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Is It Healthy? FDA Wants to Know What You Think

The Food and Drug Administration wants to know what you think “healthy” should mean when it’s on a food label.

The Food and Drug Administration wants to know what you think “healthy” should mean when it’s on a food label.

The FDA started the public process Tuesday for redefining how the label can be used, and opens the matter up for public comment Wednesday.

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“Redefining ‘healthy’ is part of an overall plan to provide consumers with information and tools to enable them to easily and quickly make food choices consistent with public health recommendations and to encourage the development of healthier foods by the industry,” according to the FDA.

"As our understanding about nutrition has evolved, we need to make sure the definition for the ‘healthy’ labeling claim stays up to date,” FDA’s Douglas Balentine wrote in a blog post.

“What do consumers expect of foods that carry a ‘healthy’ claim?"

“For instance, the most recent public health recommendations now focus on type of fat, rather than amount of fat. They focus on added sugars, which consumers will see on the new Nutrition Facts label. And they focus on nutrients that consumers aren’t getting enough of, like vitamin D and potassium.”

Balentine says the hope is to encourage food manufacturers to come up with better, healthier options.

“As a first step, we are asking for public input on a range of questions about what ‘healthy’ should mean from a nutrition perspective and how consumers understand and use ‘healthy’ food label claims,” Balentine wrote.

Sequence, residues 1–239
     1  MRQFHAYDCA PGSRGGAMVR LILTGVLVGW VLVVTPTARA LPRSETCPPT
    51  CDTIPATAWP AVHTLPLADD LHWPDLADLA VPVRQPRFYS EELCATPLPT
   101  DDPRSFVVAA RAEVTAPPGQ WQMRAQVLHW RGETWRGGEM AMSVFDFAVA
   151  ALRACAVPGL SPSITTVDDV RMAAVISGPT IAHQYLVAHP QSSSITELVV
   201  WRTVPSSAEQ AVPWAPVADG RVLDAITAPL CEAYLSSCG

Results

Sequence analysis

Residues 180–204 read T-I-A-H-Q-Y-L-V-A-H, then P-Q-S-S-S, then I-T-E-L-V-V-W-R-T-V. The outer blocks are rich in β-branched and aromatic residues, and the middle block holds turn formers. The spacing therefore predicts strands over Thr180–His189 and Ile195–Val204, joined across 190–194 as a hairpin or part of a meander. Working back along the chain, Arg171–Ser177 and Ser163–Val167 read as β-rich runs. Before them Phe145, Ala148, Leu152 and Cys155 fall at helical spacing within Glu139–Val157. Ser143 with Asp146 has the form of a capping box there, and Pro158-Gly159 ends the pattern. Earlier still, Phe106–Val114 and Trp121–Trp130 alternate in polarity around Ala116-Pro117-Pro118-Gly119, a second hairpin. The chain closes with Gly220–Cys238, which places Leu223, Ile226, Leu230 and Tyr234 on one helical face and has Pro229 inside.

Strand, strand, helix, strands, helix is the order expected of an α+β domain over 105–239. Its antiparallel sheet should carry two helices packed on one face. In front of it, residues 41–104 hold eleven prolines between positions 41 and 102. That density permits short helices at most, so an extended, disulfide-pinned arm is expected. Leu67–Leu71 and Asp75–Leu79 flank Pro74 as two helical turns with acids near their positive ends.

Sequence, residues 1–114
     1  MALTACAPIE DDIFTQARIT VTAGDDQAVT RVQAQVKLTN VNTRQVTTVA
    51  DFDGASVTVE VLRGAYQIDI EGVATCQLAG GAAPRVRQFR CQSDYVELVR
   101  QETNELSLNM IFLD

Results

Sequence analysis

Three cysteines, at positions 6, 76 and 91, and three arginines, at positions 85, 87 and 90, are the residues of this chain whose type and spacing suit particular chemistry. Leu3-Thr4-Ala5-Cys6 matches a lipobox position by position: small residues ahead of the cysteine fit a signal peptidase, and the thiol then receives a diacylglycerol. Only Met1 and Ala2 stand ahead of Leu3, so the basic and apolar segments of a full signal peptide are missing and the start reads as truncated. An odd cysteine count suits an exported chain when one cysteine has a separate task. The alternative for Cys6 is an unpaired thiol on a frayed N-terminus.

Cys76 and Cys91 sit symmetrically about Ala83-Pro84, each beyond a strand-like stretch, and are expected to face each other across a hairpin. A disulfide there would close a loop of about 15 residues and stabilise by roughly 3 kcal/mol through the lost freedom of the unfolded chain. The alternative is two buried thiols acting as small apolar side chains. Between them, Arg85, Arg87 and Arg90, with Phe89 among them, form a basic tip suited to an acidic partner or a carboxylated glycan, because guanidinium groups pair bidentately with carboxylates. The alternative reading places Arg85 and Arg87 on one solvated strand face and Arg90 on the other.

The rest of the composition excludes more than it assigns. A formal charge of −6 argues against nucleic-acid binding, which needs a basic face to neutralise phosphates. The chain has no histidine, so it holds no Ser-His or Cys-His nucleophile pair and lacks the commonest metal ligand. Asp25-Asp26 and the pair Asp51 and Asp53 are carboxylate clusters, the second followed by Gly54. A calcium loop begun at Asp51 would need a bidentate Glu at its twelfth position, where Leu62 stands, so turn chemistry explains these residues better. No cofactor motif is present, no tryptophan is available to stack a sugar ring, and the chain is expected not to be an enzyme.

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“What do consumers expect of foods that carry a ‘healthy’ claim? What factors and criteria should be used for the new definition of ‘healthy’? We are also planning to hold public forums to get additional input and inform us of what a broad range of stakeholders and consumers think. This may take some time, but we want to get it right.”

The changes were forced, in part, by a fight with the makers of Kind brand snacks. In 2015, the FDA issued a long warning letter to Kind, saying it couldn’t claim its fruit and nut bars were healthy because they contained too much saturated fat and because it described the antioxidant content as healthy despite there being no medical definition to back up the claim.

In turn, the company asked FDA to take another look at what constitutes “healthy” on a food label, saying some of the restrictions are less than logical.

Related: New Food Labels Will be Bigger

“The current regulation was established 20 + years ago. Under it foods like nuts, salmon and avocados cannot be labeled as healthy, but items like fat-free pudding and low-fat toaster pastries can,” according to a statement from Kind.

Balentine said the “Nutrition Facts” label, which was also just revamped, sometimes isn’t enough.

“Often, there are also a lot of other terms on food packages such as ‘healthy,’ ‘low in fat,’ or ‘good source’,” he wrote.

“We also know that many just don’t have the time to consider the details of nutrition information on every package they purchase. In fact, most purchase decisions are made quickly, within three to five seconds.”